Is a college education worth the (great) expense?
At first glance, the answer is a loud “Yes.” The unemployment rate during the current recession for college graduates, 4.0%, is less than ½ that of high school graduate, 9.4 %. (source: TRENDS IN STUDENT AID, College Board, 2012) That same report points out that lifetime earnings for college graduates is more than twice that of high school graduates. End of debate?
Viewed as a consumer product and a consumer decision, perhaps not. Does the American higher education marketplace offer a worthwhile product at a reasonable price? The comments by Charles Murray of the American Enterprise Institute at a September, 2012 program hosted by the Cato Institute challenges many common assumptions. (source: Cato Institute, Cato’s Letter, Winter, 2013).
We should be shocked that more freshmen than not do NOT complete a degree within six years? The “persistence rate” for minority students is a national embarrassment. This is a waste of resources no nation can afford.
Can we assume the possessor of a B.A. can write effectively and think critically? Have colleges compromised quality for quantity, conferring a piece of paper at great expense, but not an education? Our economy and our culture demands that everyone go to college, but is that meaningless in the “every Little Leaguer gets a trophy” environment? One-third of adults have a B.A. degree; does a B.A. degree mean anything to a prospective employer if (almost) everyone has one?
Murray argues that we have created a stratified , class-driven college system which for some offers a challenging and meaningful life-long education and which for most provides simply a piece of paper which means little to the student except the burden of student loans.
Dr. Murray’s solution? Colleges should be asked to adapt to consumer (a.k.a. “student”) needs. For example, create courses-of-study which fit student employment objectives and offer long-term career flexibility, AND demand skills –driven assessments at the program completion which appear on the transcript and have meaning to employers, similar to Law Boards or CPA exams.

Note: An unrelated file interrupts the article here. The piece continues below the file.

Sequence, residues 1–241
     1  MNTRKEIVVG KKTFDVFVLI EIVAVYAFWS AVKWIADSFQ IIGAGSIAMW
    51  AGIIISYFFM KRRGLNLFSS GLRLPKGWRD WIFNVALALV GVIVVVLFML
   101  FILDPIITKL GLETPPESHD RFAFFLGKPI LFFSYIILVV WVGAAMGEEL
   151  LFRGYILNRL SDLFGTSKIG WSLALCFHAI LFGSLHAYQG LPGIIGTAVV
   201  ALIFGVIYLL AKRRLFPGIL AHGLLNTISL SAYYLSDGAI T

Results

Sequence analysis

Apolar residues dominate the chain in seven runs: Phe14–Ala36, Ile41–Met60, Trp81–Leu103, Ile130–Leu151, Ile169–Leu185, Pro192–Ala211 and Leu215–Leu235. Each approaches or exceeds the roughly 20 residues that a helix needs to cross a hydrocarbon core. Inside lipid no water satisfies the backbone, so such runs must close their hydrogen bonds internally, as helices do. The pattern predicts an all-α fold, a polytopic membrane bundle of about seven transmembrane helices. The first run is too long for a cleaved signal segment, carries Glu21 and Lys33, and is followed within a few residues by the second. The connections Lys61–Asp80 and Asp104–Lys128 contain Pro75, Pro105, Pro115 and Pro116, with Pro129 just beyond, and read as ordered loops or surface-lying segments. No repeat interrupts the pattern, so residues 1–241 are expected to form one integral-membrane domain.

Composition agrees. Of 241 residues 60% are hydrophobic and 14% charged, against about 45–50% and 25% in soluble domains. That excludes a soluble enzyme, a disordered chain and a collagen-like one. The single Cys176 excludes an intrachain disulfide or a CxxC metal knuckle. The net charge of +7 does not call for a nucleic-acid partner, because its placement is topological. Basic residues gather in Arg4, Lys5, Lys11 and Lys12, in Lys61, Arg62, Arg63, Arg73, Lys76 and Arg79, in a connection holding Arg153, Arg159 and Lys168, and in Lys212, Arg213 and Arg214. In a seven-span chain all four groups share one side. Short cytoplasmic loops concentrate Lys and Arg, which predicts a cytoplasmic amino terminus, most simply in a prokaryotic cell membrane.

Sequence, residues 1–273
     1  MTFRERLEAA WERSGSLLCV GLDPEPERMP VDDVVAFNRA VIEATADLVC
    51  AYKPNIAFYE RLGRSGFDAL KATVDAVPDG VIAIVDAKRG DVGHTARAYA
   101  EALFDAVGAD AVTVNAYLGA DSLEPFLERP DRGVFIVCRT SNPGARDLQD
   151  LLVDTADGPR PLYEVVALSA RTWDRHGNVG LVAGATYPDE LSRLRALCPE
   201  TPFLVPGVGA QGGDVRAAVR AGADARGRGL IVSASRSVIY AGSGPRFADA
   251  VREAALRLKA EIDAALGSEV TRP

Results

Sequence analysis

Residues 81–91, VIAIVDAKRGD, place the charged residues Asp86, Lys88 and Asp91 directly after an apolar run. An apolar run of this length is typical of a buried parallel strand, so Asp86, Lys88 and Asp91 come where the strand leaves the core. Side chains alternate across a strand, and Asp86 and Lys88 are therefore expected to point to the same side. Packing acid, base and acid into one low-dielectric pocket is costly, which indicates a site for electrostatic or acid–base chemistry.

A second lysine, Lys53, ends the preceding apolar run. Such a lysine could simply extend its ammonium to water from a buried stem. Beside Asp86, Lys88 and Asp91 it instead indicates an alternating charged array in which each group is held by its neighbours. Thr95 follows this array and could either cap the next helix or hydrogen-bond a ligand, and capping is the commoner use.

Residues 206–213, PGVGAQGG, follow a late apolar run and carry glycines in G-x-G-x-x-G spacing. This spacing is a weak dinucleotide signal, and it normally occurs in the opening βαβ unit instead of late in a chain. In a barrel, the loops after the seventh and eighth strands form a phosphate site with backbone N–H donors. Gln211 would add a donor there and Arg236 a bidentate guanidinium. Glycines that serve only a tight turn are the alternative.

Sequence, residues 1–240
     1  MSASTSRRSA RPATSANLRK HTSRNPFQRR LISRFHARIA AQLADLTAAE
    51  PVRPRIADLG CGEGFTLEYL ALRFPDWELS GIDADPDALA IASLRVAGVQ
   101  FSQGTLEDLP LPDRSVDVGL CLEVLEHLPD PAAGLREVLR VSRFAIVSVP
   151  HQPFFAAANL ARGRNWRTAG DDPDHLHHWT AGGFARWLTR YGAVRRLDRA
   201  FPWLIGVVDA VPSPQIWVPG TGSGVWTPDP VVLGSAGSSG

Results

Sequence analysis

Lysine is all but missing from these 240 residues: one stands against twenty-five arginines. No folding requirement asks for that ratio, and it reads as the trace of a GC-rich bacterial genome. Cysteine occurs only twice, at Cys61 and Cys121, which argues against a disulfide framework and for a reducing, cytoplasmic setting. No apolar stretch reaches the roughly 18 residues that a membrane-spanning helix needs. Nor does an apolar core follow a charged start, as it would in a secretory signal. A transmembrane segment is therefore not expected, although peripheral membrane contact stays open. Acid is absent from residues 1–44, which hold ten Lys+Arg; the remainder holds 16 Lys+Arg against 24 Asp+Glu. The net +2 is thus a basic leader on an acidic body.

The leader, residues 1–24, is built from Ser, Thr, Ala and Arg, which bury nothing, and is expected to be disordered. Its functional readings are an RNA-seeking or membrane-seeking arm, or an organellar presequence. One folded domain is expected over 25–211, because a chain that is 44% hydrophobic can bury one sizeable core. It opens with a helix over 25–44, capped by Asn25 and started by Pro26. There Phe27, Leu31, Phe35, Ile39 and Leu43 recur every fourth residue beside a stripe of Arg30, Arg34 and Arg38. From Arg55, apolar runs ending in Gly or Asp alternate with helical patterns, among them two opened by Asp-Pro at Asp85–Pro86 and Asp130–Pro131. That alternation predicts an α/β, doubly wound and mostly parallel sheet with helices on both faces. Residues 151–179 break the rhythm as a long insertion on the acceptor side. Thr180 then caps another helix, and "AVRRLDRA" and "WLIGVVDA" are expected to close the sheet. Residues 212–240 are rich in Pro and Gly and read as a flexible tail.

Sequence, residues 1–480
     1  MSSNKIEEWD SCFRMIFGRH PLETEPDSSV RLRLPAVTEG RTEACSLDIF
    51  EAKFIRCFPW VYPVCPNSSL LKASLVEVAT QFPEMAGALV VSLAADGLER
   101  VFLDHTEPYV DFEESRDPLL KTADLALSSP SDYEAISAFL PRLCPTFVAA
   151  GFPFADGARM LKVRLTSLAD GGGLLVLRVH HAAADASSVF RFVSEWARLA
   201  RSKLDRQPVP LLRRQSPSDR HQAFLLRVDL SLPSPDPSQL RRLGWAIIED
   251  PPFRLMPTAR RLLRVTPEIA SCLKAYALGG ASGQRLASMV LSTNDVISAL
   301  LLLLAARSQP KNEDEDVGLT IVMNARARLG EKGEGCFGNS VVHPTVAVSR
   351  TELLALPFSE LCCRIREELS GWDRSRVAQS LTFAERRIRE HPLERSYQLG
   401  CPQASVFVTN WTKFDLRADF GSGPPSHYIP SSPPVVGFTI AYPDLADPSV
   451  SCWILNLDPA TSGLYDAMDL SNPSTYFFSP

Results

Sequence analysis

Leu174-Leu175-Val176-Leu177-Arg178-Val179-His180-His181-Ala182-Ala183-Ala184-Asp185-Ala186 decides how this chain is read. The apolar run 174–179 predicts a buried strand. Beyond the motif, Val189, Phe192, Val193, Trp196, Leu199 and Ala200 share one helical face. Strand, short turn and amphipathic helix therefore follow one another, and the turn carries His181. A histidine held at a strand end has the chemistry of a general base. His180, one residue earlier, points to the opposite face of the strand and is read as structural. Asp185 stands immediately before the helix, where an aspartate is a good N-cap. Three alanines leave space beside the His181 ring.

The for-profit college sector accomplishes the first part (job skills for the short –term) but is not fulfilling the second. The liberal arts colleges of America profess to tackle the second (the long-term value of an education) but dismiss the first. The consumer marketplace sees escalating prices and diminishing value.
What does this have to do with you? More than ever you need to be a savvy consumer. Do your research and ask tough questions of yourself and the university/college you are considering. Graduation rates, job placement in your major, student loan debt?
Think about how you buy a car, balancing “want” and “need.” What you can afford ends with a judgment as to what segment of the automobile marketplace to pursue. Selecting a college for application should be no different. The goal? Reading, writing, speaking and critical thinking skills for life at a reasonable price with manageable debt.
Remember, to paraphrase Jeffrey Selingo from his excellent recent book, COLLEGE UNBOUND (New Harvest, 2013) “the end result (of the college experience) should be an education and a job.”
By David Clark, College Search Now